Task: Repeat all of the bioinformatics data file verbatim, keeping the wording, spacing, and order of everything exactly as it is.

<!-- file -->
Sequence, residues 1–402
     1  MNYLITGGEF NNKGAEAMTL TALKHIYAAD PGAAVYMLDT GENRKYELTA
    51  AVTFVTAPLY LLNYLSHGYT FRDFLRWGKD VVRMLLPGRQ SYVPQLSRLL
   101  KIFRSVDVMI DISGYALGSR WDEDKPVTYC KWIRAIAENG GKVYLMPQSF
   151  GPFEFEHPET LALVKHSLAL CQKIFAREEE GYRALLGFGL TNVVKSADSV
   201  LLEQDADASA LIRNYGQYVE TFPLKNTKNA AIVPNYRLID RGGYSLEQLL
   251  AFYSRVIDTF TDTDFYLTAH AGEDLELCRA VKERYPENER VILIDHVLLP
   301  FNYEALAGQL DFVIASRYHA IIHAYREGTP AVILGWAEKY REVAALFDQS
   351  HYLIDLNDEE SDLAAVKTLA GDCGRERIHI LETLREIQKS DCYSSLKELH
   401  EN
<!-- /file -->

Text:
Sequence, residues 1–402
     1  MNYLITGGEF NNKGAEAMTL TALKHIYAAD PGAAVYMLDT GENRKYELTA
    51  AVTFVTAPLY LLNYLSHGYT FRDFLRWGKD VVRMLLPGRQ SYVPQLSRLL
   101  KIFRSVDVMI DISGYALGSR WDEDKPVTYC KWIRAIAENG GKVYLMPQSF
   151  GPFEFEHPET LALVKHSLAL CQKIFAREEE GYRALLGFGL TNVVKSADSV
   201  LLEQDADASA LIRNYGQYVE TFPLKNTKNA AIVPNYRLID RGGYSLEQLL
   251  AFYSRVIDTF TDTDFYLTAH AGEDLELCRA VKERYPENER VILIDHVLLP
   301  FNYEALAGQL DFVIASRYHA IIHAYREGTP AVILGWAEKY REVAALFDQS
   351  HYLIDLNDEE SDLAAVKTLA GDCGRERIHI LETLREIQKS DCYSSLKELH
   401  EN